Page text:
Celebrating 20 Years Of Local News: Annie Ropeik

Aug 12, 2019

Annie Ropeik was the eighth reporter at Unalaska Community Broadcasting. Now, she's an energy and environment reporter at New Hampshire Public Radio.
Credit KUCB Archive

Unalaska Community Broadcasting has covered local news for the past 20 years.

To mark the newsroom's anniversary, KUCB is spending every Thursday of 2019 looking back at our former reporters and sharing some of their stories.

In July, we're focusing on Annie Ropeik, who was with the station from 2013 to 2015. She spoke with KUCB's Zoë Sobel about making the move from the East Coast to Unalaska.

TRANSCRIPT

ANNIE ROPEIK: I remember seeing the Unalaska job and being like, "This would be crazy." And I could not ever get it out of my mind after that. It was this nervous excitement about the idea of applying for something, and I had never lived that far from home or anything like that. So yeah, it just sort of took root. And by that fall, it was kind of clear that "I'm just going to take the leap."

KUCB: What were you expecting the station or the community to be like?

ROPEIK: Well, I visited once before I took the job. That was one of my parents' conditions — that I had to go and see the place in person to make sure it was okay. So I flew out the month before I took the job for a weekend. It was an insane fall storm. It was one of those nights that it's blowing sideways. The plane got in. I think we did get stuck in Cold Bay or Sand Point for a few hours, where I don't have any cell service, I don't know what's happening. I've never been on a propeller plane in my life. And when I finally got in, Robi [Harris] came and picked me up at the airport because he was on the [KUCB] board [of directors] at that time. He was like, "No one expected you to make it in!" And I was like, "What does that mean? That's not a thing that people say!" So they drove me to the Burma Road Chapel and everyone was doing the Candidates Forum. It was a whirlwind. But I remember when I was flying away, I remember thinking it would be weird if I never went back. I had formed an attachment to it.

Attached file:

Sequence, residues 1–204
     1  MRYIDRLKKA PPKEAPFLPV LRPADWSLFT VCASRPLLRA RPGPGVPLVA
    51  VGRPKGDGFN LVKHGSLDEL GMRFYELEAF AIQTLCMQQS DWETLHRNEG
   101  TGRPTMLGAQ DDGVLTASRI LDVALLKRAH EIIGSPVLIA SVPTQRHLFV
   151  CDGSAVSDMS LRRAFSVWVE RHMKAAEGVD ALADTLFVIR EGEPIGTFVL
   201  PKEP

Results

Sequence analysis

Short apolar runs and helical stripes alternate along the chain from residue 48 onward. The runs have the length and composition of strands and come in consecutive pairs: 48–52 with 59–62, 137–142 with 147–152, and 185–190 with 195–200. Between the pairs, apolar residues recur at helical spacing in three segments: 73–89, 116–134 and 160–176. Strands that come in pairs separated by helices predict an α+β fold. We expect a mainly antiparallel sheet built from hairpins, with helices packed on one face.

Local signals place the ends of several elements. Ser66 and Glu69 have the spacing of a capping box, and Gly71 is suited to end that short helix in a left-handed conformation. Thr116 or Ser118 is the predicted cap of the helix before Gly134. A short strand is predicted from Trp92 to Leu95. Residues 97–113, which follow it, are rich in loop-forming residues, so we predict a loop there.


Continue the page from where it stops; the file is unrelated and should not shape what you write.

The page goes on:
KUCB: What were your favorite stories?

ROPEIK: Friendship Cup. That would be one of my favorites. My roommate was Carlos Tayag. He found that trophy in a storage closet at the community center and was telling me about it. I was like, "That sounds interesting. We should figure out where it came from." And we did a sort of detective work saga, and it spawned [Unalaska's International] Friendship Cup [soccer tournament]. And I did that story for [WBUR's radio program] "Only A Game." That was just a completely random feature that ended up touching on so many aspects of how Unalaska's culture works, the fishing industry and the connections to Russia, the connections to the global economy — you know, the way the workforce works there, all these international folks, and the stuff you do to pass the time on an Aleutian island. That was a lot of fun. So those were good stories — when you could stumble on one of those that you could just have fun with. Because there were no limits on what kinds of stories you could do. If you could find the time to do it, you could do any story you wanted to. That was great, because you never get that in a normal newsroom. That was a lot of fun.

KUCB: Any other favorite memories?